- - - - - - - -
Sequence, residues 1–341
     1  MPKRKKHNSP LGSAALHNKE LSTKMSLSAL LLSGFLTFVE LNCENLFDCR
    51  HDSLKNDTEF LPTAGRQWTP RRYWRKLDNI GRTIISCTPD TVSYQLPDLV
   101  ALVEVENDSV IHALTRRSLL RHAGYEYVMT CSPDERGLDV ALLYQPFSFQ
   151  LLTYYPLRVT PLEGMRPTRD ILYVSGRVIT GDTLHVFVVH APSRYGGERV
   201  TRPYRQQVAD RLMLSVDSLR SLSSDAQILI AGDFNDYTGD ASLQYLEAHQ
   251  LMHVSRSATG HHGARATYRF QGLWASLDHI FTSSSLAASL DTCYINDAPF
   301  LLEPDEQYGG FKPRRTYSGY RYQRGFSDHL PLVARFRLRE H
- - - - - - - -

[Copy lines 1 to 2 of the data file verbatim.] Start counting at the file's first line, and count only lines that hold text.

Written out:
Sequence, residues 1–341
     1  MPKRKKHNSP LGSAALHNKE LSTKMSLSAL LLSGFLTFVE LNCENLFDCR